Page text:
While I am writing this, the San Francisco Giants are in the World Series. We in San Francisco have become a bit superstitious (in a good way) about even-numbered years… 2010, 2012….2014, we hope we hope!
How did they get from there to here? There: Inconsistent, up and down season, lots of injuries, many surprising mistakes, and who could forget the June gloom and Summer Slump? Here: They always held on to first or second place in the Western league, and now they are in the World Series. How did they get from there to here? What is the Giants’ secret sauce?
I have a single answer. Not the great pitchers, not the good picks of talent during August, not the dependable Buster Posey or the newest darling of the team, Hunter Pence, not the many individually talented professionals that compose this team. Not the veterans or all the newbies. Perhaps all of those things but what is the one irreplaceable ingredient in the Giants’ Secret Sauce?
My humble opinion: The Skipper-Manager: Bruce Bochy. He is everything that a good manager of any team should be: Even-tempered, fair, intelligent, protective of his brood, proud, experienced, engaged and downright talented!
In my profession, I have opportunities to observe many managers and would love to share a page from the Bruce Bochy playbook with them. Along with his even-tempered personality, he always has the players’ backs . . . and they have his. They succeed not only for themselves but for him.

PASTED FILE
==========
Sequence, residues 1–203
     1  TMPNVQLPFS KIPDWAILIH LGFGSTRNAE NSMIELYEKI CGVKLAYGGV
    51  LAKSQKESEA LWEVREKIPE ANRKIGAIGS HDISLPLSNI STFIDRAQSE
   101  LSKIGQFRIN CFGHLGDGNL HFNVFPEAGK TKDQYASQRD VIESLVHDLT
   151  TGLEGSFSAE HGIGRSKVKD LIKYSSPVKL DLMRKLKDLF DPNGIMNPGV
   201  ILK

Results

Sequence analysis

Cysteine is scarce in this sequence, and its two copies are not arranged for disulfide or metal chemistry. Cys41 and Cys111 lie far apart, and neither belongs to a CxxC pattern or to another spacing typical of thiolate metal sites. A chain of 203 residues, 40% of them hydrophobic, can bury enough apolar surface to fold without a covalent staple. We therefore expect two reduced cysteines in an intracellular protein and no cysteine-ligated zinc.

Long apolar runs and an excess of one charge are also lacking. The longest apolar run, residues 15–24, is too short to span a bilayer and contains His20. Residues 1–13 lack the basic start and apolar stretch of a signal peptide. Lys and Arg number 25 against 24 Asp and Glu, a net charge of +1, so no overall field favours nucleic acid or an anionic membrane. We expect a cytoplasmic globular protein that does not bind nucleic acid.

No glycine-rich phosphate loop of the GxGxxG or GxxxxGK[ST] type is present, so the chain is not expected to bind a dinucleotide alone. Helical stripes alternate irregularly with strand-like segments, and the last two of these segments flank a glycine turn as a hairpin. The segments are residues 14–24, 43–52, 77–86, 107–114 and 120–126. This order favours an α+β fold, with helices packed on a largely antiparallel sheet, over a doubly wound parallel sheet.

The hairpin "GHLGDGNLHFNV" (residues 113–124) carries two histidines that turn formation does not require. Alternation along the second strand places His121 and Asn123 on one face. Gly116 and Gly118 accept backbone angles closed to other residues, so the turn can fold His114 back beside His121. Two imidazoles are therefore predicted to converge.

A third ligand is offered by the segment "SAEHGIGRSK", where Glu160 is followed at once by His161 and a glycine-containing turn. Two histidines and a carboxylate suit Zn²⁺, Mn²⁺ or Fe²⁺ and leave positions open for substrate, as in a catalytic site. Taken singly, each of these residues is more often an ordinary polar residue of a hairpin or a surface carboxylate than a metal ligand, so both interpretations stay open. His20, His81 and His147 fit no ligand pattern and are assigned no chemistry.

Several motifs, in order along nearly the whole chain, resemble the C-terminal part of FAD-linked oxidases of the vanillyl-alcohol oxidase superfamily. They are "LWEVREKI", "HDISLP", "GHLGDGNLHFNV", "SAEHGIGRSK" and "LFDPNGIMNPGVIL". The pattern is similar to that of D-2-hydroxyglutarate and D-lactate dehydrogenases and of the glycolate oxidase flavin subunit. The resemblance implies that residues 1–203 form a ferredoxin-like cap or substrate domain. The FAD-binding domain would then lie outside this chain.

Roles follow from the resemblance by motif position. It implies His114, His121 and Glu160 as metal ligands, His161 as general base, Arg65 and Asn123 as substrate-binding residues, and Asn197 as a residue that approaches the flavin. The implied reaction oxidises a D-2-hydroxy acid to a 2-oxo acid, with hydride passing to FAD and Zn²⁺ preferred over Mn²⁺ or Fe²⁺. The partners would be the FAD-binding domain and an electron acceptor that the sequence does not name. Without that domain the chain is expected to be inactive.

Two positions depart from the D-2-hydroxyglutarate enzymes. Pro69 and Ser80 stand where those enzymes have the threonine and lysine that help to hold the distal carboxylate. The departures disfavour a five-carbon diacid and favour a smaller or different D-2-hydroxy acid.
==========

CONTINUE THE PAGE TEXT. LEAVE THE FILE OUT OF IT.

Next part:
In organizations, there is an old adage: Employees leave managers, not companies. Many of us have experienced lower-paying jobs that we loved because the owners trusted and appreciated us. Sometimes we even stayed with them longer than was prudent for our careers, simply because we thrived on the feeling that we were making an important contribution. Likewise, we may find ourselves frustrated in a higher-paying position in which we feel undervalued. A hostile work environment leaves us feeling exhausted at the end of each day, and we leave that place as soon as possible, high pay notwithstanding.
Of course, in the Bruce Bochy scenario, the players have the best of both worlds – good pay AND encouraging management. But good pay alone cannot build a team that gives 100%. Regardless of the financial element, the “secret sauce” contains support and the confidence that comes from being relied upon and given credit. Ironically, it costs no money to empower one’s staff with these positive attributes. Ideally every job would bring both high salary and high satisfaction, but if only one can be had, the satisfaction is ultimately more important. Treat an employee with respect and gratitude, and the manager is repaid by loyalty and maximum effort.